Hiatt Baker housing fiasco is a living nightmare for 90 freshers
Builders allegedly entered bedrooms without permission
It was just another typical January morning for Samar Khan, a Physics and Philosophy fresher living in Hiatt Baker last year.
As the wind and rain lashed at his windows, he lay in bed with his girlfriend. Suddenly, at 8.30am, Samar claims that without even a knock at the door, a builder entered his room. It wasn’t the first time his privacy was violated and it wouldn’t be the last. Samar told The Tab:
“For almost an entire year I couldn’t feel comfortable in my own room.”
Those arriving at Hiatt Baker in September 2014 had no reason to suspect they weren’t about to embark on the most exciting and enjoyable year of their lives so far.
On the swanky accommodation office website the 2014 freshers, each of them paying upwards of £5800 for their rooms, were promised “beautiful green, leafy surroundings away from the noise and bustle of the city.” The reality was more Baghdad than Bristol.
In documents given to all the new residents, Hiatt Baker chiefs promised new self-catered housing would be ready by July 2014. Clearly this wasn’t the case.
In a September 2014 email to the fresh intake, the Head Warden, M.J. Crossley Evans said:
“I very much regret that there are external areas which are incomplete and rather unsightly… the contractor will continue with some landscaping during the first few weeks but anything likely to cause significant disruption will be deferred to next summer.”
As these weeks dragged on into months and “significant disruption” turned into a plethora of unsettling problems, Crossley’s promise of deferral began to seem ever more hollow for those living in Hiatt Baker.
Between September 2014 and April 2015 the reality of Crossley’s “landscaping” became clear: those staying in the new self-catered blocks would live surrounded by the ugliness of mangled grounds and the interminable noise of building work almost every day between 8.30am and 5.00pm.
Furious Harry Winslet, who studies Biology, was appalled by the “excessive” noise, the broken lift in his block and the constant disruption to the communal kitchen – a huge problem in a self-catered block. He said he would never have lived in Hiatt Baker if he’d known what it would be like.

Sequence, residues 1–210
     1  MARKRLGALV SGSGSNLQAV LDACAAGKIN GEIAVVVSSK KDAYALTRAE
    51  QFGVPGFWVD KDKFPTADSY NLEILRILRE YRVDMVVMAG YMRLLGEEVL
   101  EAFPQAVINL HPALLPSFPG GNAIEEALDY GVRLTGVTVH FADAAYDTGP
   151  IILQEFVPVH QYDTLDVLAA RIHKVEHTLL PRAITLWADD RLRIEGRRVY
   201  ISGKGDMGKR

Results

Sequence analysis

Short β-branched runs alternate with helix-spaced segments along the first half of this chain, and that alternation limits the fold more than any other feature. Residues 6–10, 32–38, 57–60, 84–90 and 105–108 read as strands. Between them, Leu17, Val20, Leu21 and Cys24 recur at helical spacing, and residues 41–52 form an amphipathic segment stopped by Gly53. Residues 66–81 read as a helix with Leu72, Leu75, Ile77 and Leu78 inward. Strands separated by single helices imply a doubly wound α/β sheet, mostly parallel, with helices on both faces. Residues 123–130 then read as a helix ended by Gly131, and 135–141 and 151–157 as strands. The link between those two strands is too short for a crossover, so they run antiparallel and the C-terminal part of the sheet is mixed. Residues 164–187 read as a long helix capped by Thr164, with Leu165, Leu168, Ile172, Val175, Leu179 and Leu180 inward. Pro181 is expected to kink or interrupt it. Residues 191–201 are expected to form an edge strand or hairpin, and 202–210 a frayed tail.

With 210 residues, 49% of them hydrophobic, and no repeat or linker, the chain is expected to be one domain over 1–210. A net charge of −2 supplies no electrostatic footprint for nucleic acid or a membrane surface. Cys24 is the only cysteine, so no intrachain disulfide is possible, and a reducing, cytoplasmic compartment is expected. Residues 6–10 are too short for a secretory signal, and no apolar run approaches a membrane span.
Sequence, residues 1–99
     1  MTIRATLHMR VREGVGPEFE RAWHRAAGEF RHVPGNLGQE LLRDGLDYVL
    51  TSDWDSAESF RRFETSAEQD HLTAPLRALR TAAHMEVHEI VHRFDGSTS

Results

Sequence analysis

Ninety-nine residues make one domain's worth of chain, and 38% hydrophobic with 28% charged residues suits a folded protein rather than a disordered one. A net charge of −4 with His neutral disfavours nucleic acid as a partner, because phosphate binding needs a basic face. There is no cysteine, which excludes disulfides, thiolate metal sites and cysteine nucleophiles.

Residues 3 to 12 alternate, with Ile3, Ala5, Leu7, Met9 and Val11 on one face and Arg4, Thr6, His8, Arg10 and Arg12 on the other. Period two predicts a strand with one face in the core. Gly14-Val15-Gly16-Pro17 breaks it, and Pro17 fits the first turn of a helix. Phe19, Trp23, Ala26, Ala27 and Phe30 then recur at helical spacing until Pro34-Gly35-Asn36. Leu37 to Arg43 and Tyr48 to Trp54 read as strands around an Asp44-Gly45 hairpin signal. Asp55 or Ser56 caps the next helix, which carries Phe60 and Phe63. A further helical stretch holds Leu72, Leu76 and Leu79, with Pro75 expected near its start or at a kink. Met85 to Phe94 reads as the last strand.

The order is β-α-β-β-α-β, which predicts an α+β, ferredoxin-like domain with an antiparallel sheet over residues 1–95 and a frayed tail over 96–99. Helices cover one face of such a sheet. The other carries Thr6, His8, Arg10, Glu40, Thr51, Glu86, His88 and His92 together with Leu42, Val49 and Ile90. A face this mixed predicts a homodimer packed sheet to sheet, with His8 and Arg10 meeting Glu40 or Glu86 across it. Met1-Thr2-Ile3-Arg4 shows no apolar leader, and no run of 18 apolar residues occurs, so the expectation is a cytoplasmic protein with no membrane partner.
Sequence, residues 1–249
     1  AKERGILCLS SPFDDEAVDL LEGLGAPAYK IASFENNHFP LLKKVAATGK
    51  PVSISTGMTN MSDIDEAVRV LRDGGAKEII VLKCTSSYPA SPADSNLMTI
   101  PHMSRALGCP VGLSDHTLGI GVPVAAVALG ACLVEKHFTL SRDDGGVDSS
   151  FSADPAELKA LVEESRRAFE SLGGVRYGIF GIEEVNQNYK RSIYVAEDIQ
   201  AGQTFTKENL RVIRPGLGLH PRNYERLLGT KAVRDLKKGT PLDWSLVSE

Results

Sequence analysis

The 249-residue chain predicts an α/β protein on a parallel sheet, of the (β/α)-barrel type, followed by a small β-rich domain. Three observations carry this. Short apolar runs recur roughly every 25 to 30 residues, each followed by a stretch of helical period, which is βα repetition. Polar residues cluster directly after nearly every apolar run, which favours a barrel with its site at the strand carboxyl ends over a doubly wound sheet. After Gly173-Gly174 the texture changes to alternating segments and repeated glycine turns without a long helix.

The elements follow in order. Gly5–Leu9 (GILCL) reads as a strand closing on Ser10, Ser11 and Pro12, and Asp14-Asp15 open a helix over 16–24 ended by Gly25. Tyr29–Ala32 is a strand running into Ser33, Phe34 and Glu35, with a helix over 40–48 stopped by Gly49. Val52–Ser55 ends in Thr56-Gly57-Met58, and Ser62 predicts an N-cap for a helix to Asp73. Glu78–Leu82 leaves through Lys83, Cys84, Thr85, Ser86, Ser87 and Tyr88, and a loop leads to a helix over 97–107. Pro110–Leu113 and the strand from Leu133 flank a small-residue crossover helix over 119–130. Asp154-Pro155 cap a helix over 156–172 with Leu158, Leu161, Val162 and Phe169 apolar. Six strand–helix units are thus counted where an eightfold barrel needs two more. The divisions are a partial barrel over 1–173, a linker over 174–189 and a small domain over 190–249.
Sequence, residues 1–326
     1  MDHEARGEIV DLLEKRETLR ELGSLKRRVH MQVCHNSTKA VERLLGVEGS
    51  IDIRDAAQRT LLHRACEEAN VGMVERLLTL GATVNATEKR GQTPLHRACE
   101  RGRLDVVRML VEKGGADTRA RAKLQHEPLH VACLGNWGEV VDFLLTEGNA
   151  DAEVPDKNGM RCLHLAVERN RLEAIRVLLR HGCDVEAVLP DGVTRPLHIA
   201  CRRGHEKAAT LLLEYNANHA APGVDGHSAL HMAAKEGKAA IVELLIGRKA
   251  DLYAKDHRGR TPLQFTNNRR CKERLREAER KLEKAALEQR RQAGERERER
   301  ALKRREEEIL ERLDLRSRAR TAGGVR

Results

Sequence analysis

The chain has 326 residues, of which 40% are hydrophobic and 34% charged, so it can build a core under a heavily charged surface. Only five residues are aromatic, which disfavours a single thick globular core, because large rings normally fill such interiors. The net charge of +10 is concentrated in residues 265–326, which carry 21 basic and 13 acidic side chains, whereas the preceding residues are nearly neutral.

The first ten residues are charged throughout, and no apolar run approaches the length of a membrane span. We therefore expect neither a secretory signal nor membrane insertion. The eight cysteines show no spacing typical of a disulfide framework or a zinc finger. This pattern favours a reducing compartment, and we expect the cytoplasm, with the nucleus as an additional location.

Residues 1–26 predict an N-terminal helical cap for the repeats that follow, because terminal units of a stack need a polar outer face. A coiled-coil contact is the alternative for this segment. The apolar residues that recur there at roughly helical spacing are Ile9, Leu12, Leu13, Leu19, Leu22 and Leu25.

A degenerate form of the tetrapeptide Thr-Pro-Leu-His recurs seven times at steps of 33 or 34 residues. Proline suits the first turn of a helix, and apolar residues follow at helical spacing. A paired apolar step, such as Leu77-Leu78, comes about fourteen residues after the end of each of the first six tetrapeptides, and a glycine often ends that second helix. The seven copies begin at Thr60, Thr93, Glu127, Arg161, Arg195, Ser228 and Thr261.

Like Samar and Harry, Kate, a History fresher, was excited to begin living in one of Stoke Bishop’s trendiest and most popular residences. Instead she claims that she endured an unnerving experience when a builder entered her room unexpectedly.
“The extent of strangers coming into our rooms was ridiculous. One time I’d fallen asleep after a shower, only wearing a towel. I was basically naked.”
“That’s when some guy burst into my room without knocking. Previously I’d been soundly asleep and now I was terrified. He stayed in the kitchen for a further hour which was really intimidating, as I was the only one in the flat and he had a key to my room.”
Another fresher even alleged a builder entered their flat as late as 10:40pm, with no introduction, looking for the boiler.
The university has given an account of the situation flatly contradicting Samar, Kate and others who claimed builders entered their bedrooms and apartments all the time.
A spokesperson told us: “Contractors’ access to the buildings was restricted to between 9.00 am and 4.30 pm, Monday to Friday, and all access cards were programmed for those times only. None of the builders’ access cards gave access to student bedrooms.”
“We sincerely regret the disruption experienced by residents of Hiatt Baker Hall.”
“We are aware that a number of faults were reported by students throughout last year, one of the most significant being a ceiling light falling down which was dealt with on the same day. We worked closely with the contractors to ensure that most other faults were dealt with on the day or day after they were reported, although some works, for example the need to change shower filters in every room, inevitably took longer.”
Samar is one of up to 90 upset residents who have complained to the university about poor living standards in Hiatt Baker. He felt their complaints have been dealt with in a “confrontational, insensitive and unhelpful” manner.
“It feels like we are banging our heads against a brick wall. What this shows is the uni is just another business, not an institution which feels any duty of care to those who pay for it.”
Annisha, 19, who studies law, said that her complaints were always met with emails telling her to fill out a form – the result being she never felt as if they were being taken seriously. A feeling exacerbated when one email from the Accommodation Office was addressed to “Annistra” not Annisha.
Angry freshers have been offered rebates ranging between £50 and £300. Samar and others have been quick to point out that this is the third year in a row where Hiatt Baker has been locked in a bitter dispute with residents over housing conditions. In previous years the rebate was as high as £700.